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At the contact between the Alps and Mediterranean – continuity and turning points

Basic Info


The primary goal of the project is to synthesize and advance the knowledge of the settlement processes taking place in the upper Posočje region from the Iron to the Middle Ages. By evaluating small finds and data on archaeological sites, also through spatial analyses, we observe the continuity and changes of the settlement patterns during the 1st millennium BC and the 1st millennium AD. The intention is to study the nature of the lowland and highland settlement, the economic potential and subsistence strategies. Special attention is paid to the communications and the role of the region in the wider network of connections between the Alpine regions of Central Europe and the North Adriatic hinterland. As yet unpublished finds (Gradič near Kobarid, highland sites) are also be processed, which help reduce the current lag in publishing the results of the archaeological investigations in the region.

Research area

Objective of the proposed research

The Posočje region with its geographical position between the Alps and the Mediterranean offers great potential for investigating the relationship between man and nature in the past. Due to specific (sometimes extreme) natural conditions, large altitudinal differences between archaeological sites, differences in climate and poorly passable terrain, it is a great challenge for settlement studies and for testing modern field survey methods (Lidar, GIS analyses). Some sites in the region have already been the subject of more in-depth scientific studies (Most na Soči, Tonovcov grad near Kobarid), whereas others, even those where substantial excavations have taken place, still await evaluation and publication. The relationships between individual archaeological sites and their natural environment have also not yet been fully explored. Human habitations generally concentrated in small basins at valley junctions (Most na Soči, Tolmin, Kobarid and Bovec). In troubled times, the population moved to more remote, higher locations. A particular phenomenon is the exploitation of the highlands, where human presence has been recorded from the Mesolithic era onwards.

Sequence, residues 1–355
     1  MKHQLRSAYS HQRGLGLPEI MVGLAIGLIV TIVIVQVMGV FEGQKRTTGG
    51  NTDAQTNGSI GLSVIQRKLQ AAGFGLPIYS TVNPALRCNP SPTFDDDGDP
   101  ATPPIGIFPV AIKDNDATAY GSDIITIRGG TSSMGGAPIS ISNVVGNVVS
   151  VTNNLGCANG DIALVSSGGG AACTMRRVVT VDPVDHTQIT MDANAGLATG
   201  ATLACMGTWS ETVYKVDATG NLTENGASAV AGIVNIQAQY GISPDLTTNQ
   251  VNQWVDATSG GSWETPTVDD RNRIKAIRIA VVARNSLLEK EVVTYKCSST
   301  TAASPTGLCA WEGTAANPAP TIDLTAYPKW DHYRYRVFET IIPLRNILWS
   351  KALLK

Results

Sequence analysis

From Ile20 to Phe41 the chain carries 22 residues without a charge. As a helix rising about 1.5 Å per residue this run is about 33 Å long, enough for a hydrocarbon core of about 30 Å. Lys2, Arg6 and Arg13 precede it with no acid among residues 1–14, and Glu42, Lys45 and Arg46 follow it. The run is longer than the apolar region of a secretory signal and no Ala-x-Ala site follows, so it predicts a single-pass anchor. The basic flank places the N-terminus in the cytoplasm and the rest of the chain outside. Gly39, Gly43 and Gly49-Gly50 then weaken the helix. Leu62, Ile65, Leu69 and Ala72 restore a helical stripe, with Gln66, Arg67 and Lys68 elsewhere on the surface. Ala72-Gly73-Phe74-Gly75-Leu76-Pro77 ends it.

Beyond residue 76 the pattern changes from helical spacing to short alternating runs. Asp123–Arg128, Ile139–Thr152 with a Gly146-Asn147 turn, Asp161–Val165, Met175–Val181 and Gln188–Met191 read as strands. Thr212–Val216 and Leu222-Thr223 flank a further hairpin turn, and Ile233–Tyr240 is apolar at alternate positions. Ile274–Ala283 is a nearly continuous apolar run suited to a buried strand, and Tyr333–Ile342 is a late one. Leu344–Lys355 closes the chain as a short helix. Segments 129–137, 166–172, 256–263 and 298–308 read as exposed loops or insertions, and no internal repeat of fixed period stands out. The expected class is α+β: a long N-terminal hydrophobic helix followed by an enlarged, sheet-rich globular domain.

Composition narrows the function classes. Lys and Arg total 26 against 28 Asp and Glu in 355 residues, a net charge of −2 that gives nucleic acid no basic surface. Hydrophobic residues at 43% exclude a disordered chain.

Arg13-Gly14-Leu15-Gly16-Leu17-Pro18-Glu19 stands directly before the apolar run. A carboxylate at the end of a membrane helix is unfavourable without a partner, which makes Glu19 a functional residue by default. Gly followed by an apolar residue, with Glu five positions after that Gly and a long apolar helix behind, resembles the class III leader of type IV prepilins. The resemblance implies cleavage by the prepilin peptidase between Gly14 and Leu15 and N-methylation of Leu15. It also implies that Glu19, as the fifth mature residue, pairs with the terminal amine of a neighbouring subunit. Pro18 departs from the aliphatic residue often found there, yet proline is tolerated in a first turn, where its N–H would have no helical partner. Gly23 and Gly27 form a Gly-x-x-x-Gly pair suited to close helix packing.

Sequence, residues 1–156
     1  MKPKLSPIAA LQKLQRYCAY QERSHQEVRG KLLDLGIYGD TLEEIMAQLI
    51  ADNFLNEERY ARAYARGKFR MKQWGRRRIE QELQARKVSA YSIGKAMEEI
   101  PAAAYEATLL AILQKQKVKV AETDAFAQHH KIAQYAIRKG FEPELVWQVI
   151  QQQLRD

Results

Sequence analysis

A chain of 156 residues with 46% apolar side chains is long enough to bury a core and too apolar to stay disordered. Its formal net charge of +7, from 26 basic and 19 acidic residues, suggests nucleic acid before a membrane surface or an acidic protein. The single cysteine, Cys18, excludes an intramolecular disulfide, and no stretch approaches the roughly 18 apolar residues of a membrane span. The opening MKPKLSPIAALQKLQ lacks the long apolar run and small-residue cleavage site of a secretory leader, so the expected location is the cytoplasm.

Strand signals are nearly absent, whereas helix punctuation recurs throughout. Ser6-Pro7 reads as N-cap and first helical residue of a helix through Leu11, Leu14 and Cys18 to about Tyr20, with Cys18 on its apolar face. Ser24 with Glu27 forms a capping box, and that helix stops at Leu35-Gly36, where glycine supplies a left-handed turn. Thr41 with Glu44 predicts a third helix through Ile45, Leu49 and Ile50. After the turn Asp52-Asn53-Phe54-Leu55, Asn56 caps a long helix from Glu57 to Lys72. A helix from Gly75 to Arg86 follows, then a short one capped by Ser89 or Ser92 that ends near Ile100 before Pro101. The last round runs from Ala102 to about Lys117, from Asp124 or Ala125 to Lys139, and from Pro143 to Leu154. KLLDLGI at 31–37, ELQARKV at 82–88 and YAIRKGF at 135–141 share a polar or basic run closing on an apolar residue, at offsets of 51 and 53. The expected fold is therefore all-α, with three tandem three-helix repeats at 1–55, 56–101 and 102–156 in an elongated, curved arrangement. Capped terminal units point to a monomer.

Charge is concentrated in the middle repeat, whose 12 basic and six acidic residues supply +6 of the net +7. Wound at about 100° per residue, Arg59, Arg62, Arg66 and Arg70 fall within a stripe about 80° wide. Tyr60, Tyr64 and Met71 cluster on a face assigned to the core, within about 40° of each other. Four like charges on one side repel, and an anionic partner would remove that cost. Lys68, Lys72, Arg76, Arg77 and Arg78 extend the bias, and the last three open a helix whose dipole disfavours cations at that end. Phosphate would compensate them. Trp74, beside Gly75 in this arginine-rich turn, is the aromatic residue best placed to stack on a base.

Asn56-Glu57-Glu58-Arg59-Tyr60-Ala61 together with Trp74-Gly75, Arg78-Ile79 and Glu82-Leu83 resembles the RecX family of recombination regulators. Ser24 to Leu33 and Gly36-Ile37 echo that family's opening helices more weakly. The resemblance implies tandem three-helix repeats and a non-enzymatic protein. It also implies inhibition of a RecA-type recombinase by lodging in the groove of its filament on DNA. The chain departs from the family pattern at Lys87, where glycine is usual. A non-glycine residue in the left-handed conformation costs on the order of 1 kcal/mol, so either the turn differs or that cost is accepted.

The main objective of the project is to improve the knowledge of the settlement dynamics in the upper Posočje region from the first permanent habitations in the Early Iron Age up to the Early Middle Ages.

1. Diachronic view on the settlement of the upper Posočje region in the 1st millennium BC and the 1st millennium AD.

With the help of the collected and evaluated data on the known archaeological sites and in relation to their geographical location and natural environment, the dynamics and main features of settlement are examined according to archaeological periods. Select small areas in the valleys, where the living conditions are most favourable (Most na Soči, Tolmin, Kobarid and Bovec), are investigated in more detail in order to explore the economic potential and subsistence strategies that include the exploitation of the highlands.

2. Analysing the development, social structure and ritual practices of the Early Iron Age community living in the Posočje region.

The large cemeteries unearthed at Kobarid, Tolmin and the largest one at Most na Soči, as well as the graves in the Bovec area show that the region was particularly intensively and permanently inhabited in the Early Iron Age. Less is known of contemporary settlements with the exception of Most na Soči that functioned as the regional centre at the junction of the Venetic and Hallstatt cultures. In the 6th century BC, the Posočje community colonized the hilly hinterland as far as Bohinj in the Gorenjska region.

The cultural phenomenon of the Late Iron Age is also known almost exclusively from necropoleis; they occur in more remote valleys, to which the majority of the population settled. Most known burials date to the 1st century BC. The grave goods reveal a combination of regional North Adriatic components and central European Celtic elements. There are also inscriptions in the Venetic script, which point to contacts with the Venetic area.

Research involves detailed chronological, statistical and spatial analyses of the representative cemetery at Most na Soči focusing on the development, social structure and specifics of the ritual practices of Posočje’s Early Iron Age community. More than 6000 graves of this cemetery were investigated, spanning five hundred years (8th to 3rd century BC). We also examine its relation to the nearby Tolmin, a site that represents the formative phase of the community, the relationships between the regional centre at Most na Soči and other lowland and highland sites, as well as the changes that took place at the transition to the Late Iron Age.